Shredders’ delight: A Shrapnel profile

Just as the Blue Note label suggested jazz of certain quality in the ’50s, Shrapnel Records connoted to the discerning guitarist the most supersonic shred on the planet in the ’80s. (Yeah, I just compared Shrapnel to Blue Note … it was either that or Stax …) recently ran a profile of the legendary guitar oriented label and its impresario of arpeggios, Mike Varney. The man himself weighs in on the thought behind starting the fabled label:

I figured, ‘I play guitar pretty well. I’m going to find ten guys that can wipe the floor with me and see what happens.’ I got a loan from my father and started Shrapnel.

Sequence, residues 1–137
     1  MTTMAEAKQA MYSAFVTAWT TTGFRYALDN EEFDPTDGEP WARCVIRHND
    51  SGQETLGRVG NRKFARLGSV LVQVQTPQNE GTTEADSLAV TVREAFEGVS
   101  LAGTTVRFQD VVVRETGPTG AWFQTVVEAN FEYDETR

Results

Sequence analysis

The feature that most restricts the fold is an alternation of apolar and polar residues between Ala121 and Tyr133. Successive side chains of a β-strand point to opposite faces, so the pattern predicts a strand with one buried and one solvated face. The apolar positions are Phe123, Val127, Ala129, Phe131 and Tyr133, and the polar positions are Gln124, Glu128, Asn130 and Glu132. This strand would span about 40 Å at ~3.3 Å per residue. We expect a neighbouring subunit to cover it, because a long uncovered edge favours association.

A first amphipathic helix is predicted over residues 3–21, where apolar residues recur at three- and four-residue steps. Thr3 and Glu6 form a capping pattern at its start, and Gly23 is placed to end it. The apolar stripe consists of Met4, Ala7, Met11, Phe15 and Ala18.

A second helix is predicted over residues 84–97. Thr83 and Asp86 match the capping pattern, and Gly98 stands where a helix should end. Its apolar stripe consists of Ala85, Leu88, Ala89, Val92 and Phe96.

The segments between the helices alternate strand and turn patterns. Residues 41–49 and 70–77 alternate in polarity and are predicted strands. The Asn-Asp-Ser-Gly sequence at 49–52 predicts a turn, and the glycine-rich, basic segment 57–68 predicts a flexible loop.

Though the guitarists releasing music under Varney were known for bombastic playing—think Vinnie Moore, Joey Tafolla, and Jason Becker to name a few of the most terrifying—they weren’t without a deeper musicality, at least to their producer. Here’s Varney on the eventual flood of demos he received:

It got ridiculous. I’d have guys calling me up saying: ‘I can play Flight Of The Bumble Bee at two hundred and forty bpm,’ or, ‘I think I’m the fastest guitar player in the world right now.’ I’d say: ‘Yeah, but can you play with the tastefulness and musicality of Richie Kotzen or Paul Gilbert?’

Read much more, including quotes from many of the above at TeamRock.

Right here.


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